Speaking of finances, my health insurance does not cover vision care, so I had to write a check for $150 for today's seven minutes worth of face time with the good doctor, and I will have to cough up another $180 for a year's supply of contact lenses when they come in next week. Healthy living is not cheap.

It's a nice day in the city today, and here at Esquire we're in the semi-lull between issues. Articles for the September issue (including one of mine!) are slowly starting to circulate, but things will be busier next week.

Tonight I have black belt class, and the only other major event on this week's calendar is Friday night's solstice party. Yes, I know that the solstice was actually yesterday, but Friday seems like an easier day for people to get down and boogie, and anyway it's St. Jean Baptiste Day (Quebec). Happy summer, everybody!

Monday, June 20, 2005

Penguin Love

This evening after work Jenn took me to a screening of a movie called March of the Penguins.

It's a documentary narrated by Morgan Freeman that follows a colony of emperor penguins in Antarctica as they migrate through unbelievably treacherous conditions to mate.

March of the Penguins is an expertly produced and touching movie. True, penguins are naturally photogenic creatures, and the fluffy baby penguins are especially cute, but the film captures them in almost human-like moments. When you see the long, almost endless line of penguins marching across the Antarctic tundra it truly looks like a bunch of hunchbacked guys wearing overcoats shuffling down the street.

We saw the film in a screening room with a bunch of other magazine and newspaper people, critics, mostly. They were writing in their notebooks as the movie played. In the screening room next to ours there was a showing of David LaChappelle's Rize. Rize seems pretty cool but I'm glad we saw the penguins.

Sunday, June 19, 2005

Weekend Update

Friday was a good day. I wasn't working so I went to a 12:30 karate class and 1:30 meditation class. That evening (around 7:30) I met Jenn, Marty, Carolyn, Robin, and Sonya at Barramundi (the new location on Clinton Street). It was to be an evening of debauchery on the Lower East Side. Classic downtown New York stuff.

We had a very nice time and took advantage of the bar's Happy Hour policy. It ran until 9:00 p.m. which suited Jenn and my needs perfectly. We don't stay out too late like we used to, although we have our moments.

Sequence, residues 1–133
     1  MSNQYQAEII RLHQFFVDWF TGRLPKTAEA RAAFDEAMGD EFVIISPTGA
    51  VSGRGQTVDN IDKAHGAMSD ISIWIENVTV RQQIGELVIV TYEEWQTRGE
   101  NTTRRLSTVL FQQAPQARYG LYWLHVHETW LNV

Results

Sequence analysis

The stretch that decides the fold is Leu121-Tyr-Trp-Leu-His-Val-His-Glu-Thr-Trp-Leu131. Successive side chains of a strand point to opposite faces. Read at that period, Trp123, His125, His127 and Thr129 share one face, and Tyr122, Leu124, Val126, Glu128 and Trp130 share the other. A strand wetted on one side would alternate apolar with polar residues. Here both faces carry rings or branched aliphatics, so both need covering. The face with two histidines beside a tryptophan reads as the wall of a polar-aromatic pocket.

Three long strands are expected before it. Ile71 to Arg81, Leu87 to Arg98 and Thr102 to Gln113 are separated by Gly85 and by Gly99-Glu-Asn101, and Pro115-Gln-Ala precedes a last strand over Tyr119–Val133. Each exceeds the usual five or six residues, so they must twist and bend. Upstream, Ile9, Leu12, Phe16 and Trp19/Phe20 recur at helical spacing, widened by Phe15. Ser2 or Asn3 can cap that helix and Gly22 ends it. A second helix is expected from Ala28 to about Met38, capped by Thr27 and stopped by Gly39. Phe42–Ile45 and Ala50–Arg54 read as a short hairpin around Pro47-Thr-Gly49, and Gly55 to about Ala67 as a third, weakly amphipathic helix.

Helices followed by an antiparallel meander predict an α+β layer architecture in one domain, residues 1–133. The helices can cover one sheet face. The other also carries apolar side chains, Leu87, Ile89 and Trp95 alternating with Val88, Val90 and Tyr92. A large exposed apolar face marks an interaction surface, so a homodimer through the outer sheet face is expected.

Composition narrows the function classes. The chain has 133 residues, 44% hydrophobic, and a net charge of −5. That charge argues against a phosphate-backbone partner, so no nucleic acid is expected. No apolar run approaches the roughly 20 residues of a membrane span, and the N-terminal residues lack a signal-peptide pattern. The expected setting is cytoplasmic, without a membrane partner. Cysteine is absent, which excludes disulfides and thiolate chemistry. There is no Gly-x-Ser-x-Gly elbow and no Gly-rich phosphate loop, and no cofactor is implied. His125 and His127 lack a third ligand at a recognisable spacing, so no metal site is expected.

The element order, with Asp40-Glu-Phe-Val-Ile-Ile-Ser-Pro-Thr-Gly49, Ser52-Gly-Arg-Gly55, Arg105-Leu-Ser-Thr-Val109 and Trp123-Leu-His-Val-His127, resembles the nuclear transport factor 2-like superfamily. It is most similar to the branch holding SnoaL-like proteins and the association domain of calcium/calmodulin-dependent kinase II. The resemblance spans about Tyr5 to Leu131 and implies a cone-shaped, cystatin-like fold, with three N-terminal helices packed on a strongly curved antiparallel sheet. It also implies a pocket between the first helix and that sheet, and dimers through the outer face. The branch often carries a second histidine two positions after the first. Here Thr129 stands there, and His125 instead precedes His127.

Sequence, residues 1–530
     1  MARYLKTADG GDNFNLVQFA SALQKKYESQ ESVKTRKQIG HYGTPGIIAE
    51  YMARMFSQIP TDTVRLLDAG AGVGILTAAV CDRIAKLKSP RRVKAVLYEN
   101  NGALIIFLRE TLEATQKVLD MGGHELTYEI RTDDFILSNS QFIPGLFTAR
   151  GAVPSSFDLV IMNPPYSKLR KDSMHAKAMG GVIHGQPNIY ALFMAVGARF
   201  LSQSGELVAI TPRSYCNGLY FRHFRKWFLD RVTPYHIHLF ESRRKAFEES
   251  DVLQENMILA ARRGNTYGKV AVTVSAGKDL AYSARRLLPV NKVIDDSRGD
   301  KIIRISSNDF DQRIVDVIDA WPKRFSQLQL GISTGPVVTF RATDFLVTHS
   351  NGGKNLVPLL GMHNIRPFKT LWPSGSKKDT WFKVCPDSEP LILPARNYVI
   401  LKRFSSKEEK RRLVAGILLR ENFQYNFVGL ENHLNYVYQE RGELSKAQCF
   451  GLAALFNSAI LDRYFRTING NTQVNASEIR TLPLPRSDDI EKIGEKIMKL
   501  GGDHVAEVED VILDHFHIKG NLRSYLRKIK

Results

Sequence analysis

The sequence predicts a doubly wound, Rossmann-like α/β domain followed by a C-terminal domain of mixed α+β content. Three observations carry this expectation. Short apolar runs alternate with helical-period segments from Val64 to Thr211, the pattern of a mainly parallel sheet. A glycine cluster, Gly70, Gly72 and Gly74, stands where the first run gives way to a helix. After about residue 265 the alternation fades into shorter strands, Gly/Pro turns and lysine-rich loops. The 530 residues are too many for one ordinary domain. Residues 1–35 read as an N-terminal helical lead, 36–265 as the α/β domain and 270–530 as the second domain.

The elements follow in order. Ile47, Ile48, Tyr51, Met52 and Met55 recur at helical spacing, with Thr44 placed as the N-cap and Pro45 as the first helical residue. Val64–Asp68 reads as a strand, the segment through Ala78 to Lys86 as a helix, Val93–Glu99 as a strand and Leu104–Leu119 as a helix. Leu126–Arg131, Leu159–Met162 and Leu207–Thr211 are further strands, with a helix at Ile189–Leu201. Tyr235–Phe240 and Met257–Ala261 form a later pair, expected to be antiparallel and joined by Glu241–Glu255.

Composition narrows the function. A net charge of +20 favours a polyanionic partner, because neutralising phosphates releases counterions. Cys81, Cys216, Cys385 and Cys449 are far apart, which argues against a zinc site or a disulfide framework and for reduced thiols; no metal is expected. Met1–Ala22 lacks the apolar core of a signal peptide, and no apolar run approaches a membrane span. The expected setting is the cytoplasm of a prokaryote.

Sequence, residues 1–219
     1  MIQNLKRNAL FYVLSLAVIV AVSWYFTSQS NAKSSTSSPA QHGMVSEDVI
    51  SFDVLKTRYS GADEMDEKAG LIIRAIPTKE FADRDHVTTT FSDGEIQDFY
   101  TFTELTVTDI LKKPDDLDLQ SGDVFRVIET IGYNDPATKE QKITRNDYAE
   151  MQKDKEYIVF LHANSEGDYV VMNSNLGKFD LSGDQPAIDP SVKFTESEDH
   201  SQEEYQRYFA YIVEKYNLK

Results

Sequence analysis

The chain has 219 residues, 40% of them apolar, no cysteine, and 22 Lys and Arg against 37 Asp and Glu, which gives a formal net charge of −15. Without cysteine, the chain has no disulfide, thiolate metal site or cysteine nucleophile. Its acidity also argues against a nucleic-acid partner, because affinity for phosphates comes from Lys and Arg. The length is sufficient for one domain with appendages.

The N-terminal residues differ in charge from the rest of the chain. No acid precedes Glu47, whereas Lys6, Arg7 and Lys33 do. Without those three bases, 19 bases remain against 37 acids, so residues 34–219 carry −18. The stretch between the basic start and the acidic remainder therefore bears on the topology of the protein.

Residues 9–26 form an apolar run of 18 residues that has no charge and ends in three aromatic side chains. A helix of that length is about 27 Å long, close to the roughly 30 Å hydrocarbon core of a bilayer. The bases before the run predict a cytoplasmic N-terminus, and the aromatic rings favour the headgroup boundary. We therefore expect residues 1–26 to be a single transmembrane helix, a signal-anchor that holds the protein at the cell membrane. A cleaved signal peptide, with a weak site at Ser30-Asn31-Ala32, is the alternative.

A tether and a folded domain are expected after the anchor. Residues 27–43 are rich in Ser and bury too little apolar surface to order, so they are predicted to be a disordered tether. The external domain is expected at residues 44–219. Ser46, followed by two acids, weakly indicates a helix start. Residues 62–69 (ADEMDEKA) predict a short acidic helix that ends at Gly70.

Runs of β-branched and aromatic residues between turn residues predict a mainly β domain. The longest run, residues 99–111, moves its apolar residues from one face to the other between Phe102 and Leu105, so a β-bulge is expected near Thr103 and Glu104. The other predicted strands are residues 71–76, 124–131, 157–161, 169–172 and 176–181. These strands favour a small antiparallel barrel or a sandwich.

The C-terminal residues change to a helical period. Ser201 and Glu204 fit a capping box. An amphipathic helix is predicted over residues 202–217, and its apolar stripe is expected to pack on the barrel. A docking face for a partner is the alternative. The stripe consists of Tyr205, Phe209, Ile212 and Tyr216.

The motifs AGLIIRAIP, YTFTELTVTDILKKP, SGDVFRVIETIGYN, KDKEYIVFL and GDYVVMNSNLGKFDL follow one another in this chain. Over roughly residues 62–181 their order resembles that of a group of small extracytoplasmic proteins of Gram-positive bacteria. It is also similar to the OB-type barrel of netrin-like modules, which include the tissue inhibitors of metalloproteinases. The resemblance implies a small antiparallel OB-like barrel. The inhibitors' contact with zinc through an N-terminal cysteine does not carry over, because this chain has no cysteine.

While we were at Barramundi (also here) we happened to see Kevin and Janice. Kevin is my coworker and friend from Esquire and Janice is his wife, a fine painter and good person. It was nice to bump into them.

Jenn and I chatted with Kevin and Janice for a while and then went back to our banquette with Marty, Carolyn, Robin, and Sonya. We proceeded to have a few drinks and a nice conversation about the issues of the day.

They continued on to dinner after the bar, but we, claiming poverty (not unjustly) took the subway home and split a microwave burrito. It was actually quite good.

The next morning (Saturday morning) we slept in a bit and then tidied the house until it was time to head into the city. Jenn went to the gym and I went to kumite class, which was excellent as usual.

That evening Jenn and I met our friends Mike and Stacie at a restaurant in Manhattan called Candela. Mike and Stacie were having a celebratory dinner there (three weeks ago they had a baby girl and it was their first "date" since) and they really wanted us to meet them for a drink in the restaurant's bar before they sat down to dinner, and we headed back to Brooklyn.

Candela is a very pretty restaurant. I've been in the place a couple of times but never tasted the food. There's a very dark and woody motif, with many candles. The bar area is quite pleasant, and I enjoyed one pint of Pilsner Urquell and one pint of Guinness Stout.

We all had a pleasant chat and then Jenn and I said good night to Mike and Stacie and took the L-train back to Williamsburg, Brooklyn. The train took forever to arrive due to construction, but finally we made it to Bedford Avenue.

It was still relatively early (like 10:00 p.m.) so we went to a very good Indian restaurant on North Fifth Street right off Bedford Avenue called Taj Mahal. I had been there once before, with Marty and John Shaw.

Jenn and I had a very delicious dinner of chicken curry and chicken saag (with spinach) and a selection of Indian breads. It was wonderful, and didn't cost much either. A great meal.

Today (Sunday) we slept in and woke up feeling very good. The day was spent productively. I cleaned the upstairs bathroom, top to bottom. Liquid and powder bleach, cleaning sprays of all kinds, and a boatload of elbow grease got our bathroom to its cleanest state in weeks. Jenn cleaned the downstairs. The whole house looks great.

After we cleaned we felt like we deserved some recreation, so I convinced Jenn to walk with me to McCarren Park. It was around 8:00 p.m., which, at this time of year, is when the sun sets. As we were walking toward our frisbee-tossing place the sun was setting in a big bright orange yellow ball.

We tossed the frisbee around for a few minutes, and took the long way home walking back. We were gone for maybe an hour or so. It was very pleasant, and not unlike the megatransect.

Thursday, June 16, 2005

Phone Home

We have been paying too damn much for home phone service.

We have been writing checks to both Verizon and AT&T totaling more than a hundred bucks every month. To be specific, the last Verizon bill was $73.65 and the last AT&T bill was $66.23.